Diabetes gene 'raises risk tenfold'
A genetic susceptibility that gives a tenfold increased risk of developing type 2 diabetes has been discovered.
The gene mutation, found in the population of Greenland, will give clues to the different causes of the condition, say Danish scientists.
The research, published in Nature, adds to evidence genetics plays a role in the chances of developing diabetes.
Other factors included lifestyle, with obesity and a bad diet increasing risks, said a diabetes charity.
Several susceptibility genes have been linked with diabetes, meaning that if an individual is carrying one of these genes they face a greater risk of developing diabetes.
Studies like this one help us understand the genetic factors that put people at an increased risk of type 2 diabetes and work out what is going on inside the body when it developsRichard Elliott, Diabetes UK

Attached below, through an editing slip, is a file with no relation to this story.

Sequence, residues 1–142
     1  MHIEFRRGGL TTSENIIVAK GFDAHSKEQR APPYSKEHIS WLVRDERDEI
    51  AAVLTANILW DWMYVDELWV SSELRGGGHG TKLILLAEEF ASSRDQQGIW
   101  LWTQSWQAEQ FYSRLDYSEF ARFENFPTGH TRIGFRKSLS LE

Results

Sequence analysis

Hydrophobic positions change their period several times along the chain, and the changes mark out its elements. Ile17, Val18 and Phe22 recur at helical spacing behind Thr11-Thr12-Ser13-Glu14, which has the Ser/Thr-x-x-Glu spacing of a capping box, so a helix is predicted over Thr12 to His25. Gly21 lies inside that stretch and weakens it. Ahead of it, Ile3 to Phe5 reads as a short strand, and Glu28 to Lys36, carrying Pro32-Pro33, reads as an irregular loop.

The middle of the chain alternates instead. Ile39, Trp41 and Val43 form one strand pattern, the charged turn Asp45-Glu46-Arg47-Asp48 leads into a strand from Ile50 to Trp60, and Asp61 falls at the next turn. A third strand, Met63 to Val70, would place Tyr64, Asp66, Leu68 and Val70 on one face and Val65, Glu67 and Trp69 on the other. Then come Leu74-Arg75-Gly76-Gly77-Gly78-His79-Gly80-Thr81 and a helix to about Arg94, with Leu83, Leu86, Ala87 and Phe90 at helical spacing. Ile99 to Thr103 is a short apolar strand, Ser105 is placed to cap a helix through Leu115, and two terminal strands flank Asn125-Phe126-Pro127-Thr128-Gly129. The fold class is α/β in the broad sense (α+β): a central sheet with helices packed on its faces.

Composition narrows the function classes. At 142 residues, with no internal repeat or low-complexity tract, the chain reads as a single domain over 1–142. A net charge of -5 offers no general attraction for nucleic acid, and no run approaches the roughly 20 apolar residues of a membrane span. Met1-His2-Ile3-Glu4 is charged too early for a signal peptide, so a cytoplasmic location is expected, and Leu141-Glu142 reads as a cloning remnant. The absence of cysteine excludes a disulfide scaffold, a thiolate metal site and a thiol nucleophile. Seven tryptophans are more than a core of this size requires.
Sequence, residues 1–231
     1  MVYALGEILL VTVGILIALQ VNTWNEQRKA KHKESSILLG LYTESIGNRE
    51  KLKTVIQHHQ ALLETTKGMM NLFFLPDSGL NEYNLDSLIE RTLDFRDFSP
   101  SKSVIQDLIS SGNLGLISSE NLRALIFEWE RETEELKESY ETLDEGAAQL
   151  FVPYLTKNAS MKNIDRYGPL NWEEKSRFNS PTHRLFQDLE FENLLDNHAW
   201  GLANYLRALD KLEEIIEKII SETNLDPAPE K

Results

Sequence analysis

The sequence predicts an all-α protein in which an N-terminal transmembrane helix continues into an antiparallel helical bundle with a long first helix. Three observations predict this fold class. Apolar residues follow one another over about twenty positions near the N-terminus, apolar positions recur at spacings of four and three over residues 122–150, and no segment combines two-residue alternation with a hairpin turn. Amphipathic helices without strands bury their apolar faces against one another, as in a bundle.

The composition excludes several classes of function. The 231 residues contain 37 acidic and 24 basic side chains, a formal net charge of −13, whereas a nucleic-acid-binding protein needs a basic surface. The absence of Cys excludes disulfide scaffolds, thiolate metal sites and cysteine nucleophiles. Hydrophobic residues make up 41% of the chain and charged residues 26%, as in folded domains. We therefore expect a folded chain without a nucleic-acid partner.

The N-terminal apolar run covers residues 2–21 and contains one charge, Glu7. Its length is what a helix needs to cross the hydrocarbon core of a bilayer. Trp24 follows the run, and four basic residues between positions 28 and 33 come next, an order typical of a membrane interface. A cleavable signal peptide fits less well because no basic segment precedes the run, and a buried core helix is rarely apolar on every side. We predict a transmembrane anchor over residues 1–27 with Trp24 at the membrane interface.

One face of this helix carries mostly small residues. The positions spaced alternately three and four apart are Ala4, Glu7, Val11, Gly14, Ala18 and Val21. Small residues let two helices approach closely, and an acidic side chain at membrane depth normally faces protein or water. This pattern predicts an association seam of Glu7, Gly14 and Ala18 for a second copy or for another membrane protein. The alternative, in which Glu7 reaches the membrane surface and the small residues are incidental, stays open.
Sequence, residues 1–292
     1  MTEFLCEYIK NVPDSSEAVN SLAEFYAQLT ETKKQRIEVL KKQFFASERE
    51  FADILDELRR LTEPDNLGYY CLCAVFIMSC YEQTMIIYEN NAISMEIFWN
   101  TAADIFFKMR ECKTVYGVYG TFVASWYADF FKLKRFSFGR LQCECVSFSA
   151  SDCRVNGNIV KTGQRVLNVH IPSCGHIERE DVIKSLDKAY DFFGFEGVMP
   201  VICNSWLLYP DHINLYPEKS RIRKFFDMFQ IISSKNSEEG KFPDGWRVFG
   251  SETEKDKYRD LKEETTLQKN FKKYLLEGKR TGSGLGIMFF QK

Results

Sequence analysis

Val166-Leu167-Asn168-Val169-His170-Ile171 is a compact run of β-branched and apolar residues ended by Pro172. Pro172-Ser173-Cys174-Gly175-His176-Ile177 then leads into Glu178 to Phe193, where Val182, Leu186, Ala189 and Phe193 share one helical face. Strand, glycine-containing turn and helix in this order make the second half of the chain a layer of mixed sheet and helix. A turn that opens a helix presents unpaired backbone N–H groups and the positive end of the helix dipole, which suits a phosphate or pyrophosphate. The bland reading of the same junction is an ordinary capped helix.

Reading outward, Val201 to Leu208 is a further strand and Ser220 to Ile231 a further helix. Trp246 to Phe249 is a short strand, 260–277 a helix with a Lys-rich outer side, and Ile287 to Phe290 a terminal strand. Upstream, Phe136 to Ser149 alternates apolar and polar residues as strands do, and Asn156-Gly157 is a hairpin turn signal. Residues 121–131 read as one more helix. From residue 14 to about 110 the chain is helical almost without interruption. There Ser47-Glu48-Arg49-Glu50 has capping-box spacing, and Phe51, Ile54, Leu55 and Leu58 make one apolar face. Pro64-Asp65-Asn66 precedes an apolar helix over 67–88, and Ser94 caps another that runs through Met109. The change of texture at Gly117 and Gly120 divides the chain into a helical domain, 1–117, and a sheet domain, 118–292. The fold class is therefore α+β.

Danish researchers say the new mutation is present in almost one in five of Greenlanders.
But Prof Torben Hansen, of the University of Copenhagen, said it was not found in other European, Chinese or African-American populations, suggesting type 2 diabetes has multiple causes.
The gene variation raised the risk of type 2 diabetes by up to ten times, he told BBC News.
"We have identified a new and novel type 2 diabetes gene with a huge increased risk due to insulin resistance in muscle," he added.
"Type 2 diabetes is not just one disease, it's many diseases."
In the long term, this kind of research could help provide new ways to prevent and treat the condition, said Richard Elliott, research communications manager at Diabetes UK.
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